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Energy Efficiency Audits

By: Chris Hogan MSc - Updated: 19 Oct 2012 | comments*Discuss
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Energy efficiency audits have become better known as of late as they are practically the only sensible part of the much-maligned and carved up Home Information Pack (HIP) initiative that has been left intact. But you don't have to be selling your home in order to have an audit done and it could be very beneficial regardless of whether your motives are to be greener or simply save money.

The simplest form of energy audit is an online form which you fill in, answering the questions about your type of home, what insulation you have and you’re heating systems. These can only be a rough guide, of course, but they can be a start, don't cost anything, and may point you in the right direction initially. Many of them are on the websites of power suppliers, and the results will be posted rather than presented online immediately. Cynics may conclude that they are more about selling you their energy supplies, or getting you onto a different plan if you are already their customer, so they might be better using one that is on an ecology-based website instead.

A full energy efficiency audit can only be delivered by someone coming to your home and delving into the make-up of your family and how you use the home. They will be able to talk to you and assess the situation first hand and come up with a plan that suits your goals, rather than a one-size-fits-all questionnaire. Assessors can be found through the internet, or it's worth trying chartered surveyors' practices as many of them have added energy audits to their services.

Energy audits can be carried out for businesses too. There are independent energy consultancies for industrial and commercial premises who will assess the energy needs, insulation and current supplies and make recommendations that will make the premises and the systems more efficient and cheaper to run. In fact, businesses that spend over £50,000 per year on energy can qualify for a free audit from The Carbon Trust.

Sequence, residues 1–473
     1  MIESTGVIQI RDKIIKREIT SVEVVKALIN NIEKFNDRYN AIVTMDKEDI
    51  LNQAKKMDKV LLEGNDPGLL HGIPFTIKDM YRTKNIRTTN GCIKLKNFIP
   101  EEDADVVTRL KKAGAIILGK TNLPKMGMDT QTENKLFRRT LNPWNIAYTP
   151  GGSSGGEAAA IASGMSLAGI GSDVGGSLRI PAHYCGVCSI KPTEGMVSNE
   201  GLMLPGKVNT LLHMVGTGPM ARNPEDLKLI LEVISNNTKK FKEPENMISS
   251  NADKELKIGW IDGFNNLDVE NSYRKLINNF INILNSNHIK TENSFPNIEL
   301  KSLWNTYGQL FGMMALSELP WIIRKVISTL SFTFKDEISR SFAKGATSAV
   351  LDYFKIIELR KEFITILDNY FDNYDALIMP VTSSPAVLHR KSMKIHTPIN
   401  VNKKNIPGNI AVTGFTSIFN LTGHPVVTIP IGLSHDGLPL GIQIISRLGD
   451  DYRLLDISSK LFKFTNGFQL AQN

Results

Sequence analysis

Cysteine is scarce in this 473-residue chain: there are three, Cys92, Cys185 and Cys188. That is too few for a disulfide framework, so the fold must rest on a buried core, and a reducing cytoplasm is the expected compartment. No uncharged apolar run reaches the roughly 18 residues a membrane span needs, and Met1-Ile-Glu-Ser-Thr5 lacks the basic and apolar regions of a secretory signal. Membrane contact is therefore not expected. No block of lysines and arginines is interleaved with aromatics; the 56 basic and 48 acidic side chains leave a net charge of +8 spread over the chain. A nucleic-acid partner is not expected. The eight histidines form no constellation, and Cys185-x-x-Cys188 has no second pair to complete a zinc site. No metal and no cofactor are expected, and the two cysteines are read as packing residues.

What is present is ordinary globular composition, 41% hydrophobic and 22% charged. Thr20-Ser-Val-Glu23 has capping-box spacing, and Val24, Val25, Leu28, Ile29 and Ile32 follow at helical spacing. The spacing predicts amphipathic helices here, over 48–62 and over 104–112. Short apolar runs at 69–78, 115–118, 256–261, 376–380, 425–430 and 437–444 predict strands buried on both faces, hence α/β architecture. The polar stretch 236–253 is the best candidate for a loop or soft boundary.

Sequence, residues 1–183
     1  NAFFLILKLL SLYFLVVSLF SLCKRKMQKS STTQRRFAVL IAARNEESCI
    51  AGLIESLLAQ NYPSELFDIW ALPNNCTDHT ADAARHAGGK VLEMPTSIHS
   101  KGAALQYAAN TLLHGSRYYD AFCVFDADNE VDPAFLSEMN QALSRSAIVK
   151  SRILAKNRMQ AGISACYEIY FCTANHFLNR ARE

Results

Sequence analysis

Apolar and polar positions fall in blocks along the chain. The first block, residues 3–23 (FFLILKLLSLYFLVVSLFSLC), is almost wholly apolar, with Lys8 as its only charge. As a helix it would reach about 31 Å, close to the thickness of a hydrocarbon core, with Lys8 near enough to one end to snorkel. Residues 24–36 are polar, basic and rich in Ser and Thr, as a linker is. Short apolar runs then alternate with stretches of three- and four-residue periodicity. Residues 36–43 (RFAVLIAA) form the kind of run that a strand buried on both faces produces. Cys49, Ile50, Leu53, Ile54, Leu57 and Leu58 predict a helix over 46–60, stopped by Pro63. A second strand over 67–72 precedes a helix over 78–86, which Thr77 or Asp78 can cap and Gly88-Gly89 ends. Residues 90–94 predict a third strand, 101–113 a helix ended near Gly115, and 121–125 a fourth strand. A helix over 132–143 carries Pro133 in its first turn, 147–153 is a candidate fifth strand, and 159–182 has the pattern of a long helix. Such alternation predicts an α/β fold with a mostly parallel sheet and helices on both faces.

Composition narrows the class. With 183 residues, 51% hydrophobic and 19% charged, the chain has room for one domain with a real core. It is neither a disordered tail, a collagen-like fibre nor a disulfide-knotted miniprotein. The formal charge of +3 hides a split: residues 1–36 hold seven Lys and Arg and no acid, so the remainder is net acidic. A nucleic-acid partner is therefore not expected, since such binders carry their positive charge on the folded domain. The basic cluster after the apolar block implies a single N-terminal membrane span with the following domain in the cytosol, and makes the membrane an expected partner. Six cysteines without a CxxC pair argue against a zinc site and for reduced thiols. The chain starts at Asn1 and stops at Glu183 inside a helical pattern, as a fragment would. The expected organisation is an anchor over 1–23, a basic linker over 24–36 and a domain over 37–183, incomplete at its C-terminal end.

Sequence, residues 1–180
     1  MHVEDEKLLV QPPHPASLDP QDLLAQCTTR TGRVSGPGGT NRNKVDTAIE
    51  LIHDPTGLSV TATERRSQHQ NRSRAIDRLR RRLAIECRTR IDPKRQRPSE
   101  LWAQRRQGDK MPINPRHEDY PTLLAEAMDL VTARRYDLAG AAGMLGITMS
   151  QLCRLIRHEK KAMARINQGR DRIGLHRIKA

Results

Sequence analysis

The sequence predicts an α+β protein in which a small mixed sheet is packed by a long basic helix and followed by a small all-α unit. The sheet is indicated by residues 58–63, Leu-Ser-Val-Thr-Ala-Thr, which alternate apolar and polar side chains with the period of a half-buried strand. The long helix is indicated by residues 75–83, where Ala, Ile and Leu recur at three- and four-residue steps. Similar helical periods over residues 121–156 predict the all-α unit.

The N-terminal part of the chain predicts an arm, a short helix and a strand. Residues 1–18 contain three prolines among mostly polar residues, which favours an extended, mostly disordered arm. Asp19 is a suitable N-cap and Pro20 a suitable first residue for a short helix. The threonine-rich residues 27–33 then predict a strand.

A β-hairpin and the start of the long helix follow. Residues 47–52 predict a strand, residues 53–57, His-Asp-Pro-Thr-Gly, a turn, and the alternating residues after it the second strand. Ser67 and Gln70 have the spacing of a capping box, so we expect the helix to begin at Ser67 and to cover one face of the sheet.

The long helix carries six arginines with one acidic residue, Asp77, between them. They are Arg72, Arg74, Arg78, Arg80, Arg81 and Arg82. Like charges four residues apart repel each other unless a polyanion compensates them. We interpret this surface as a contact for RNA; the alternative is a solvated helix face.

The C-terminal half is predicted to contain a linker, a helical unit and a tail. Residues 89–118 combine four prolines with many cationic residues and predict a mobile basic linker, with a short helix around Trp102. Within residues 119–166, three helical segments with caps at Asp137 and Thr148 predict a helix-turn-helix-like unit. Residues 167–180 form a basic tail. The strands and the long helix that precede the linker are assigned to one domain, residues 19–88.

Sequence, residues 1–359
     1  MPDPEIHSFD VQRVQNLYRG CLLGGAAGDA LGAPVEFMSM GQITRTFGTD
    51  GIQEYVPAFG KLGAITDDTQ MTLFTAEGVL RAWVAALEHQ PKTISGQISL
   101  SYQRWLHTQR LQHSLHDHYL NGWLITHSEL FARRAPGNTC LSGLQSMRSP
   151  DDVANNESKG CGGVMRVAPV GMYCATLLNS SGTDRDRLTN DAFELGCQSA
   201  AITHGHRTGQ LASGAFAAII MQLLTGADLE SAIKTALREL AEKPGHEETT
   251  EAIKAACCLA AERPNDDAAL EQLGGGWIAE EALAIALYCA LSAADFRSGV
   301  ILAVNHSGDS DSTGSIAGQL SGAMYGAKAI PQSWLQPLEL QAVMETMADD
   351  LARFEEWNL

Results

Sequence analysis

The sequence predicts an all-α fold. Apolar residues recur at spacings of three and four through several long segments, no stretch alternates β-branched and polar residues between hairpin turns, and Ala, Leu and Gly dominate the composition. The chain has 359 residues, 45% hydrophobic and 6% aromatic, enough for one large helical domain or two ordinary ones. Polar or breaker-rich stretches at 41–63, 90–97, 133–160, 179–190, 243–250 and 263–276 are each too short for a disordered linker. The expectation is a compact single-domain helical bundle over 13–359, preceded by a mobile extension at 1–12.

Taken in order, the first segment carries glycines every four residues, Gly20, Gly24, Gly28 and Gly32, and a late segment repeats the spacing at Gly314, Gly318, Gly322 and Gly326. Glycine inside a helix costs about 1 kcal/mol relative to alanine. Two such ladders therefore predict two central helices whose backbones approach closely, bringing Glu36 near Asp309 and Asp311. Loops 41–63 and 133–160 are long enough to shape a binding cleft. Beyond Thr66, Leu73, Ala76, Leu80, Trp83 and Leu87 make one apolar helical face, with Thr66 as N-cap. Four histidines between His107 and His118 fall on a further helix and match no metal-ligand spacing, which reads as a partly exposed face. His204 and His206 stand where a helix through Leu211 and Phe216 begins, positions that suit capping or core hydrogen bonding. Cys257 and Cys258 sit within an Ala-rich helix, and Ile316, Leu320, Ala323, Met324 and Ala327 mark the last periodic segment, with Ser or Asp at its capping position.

An energy efficiency audit in the home should involve the assessor going round with a power meter which detects and shows the amount of electricity being used by each appliance while it's on. It's not possible to do this with gas or oil appliances, but an assessor should be able to advise on the likely efficiency of boilers, cookers and hobs in the home. They may also have infra-red cameras that can show where heat is being lost through inadequate insulation.

The assessor should also find out about what you are looking for. It could be that the audit is as part of an overall effort to lower the pollution that you and the family are producing, or maybe you just want the house to be warmer without it costing the earth. Some people are looking at extreme solutions, such as going 'off-grid', so that they no longer have to rely on centralised energy supplies, although this isn't as practical with an existing house as it is with a new build, where systems to achieve this can be designed in at the start.

After the assessment you should be presented with a detailed report that will give fully fleshed out points, usually graded so that you can try out a few quick, cheap steps that will have a noticeable effect. Then for the more expensive second and perhaps third stages you will need to decide how committed you are, and perhaps whether or not you will be in the property for long enough to get a payback on the investments.

You don’t need an energy audit to turn off lights and put more loft insulation in, but the other ideas that they come up with may surprise you and may well be worth the money.

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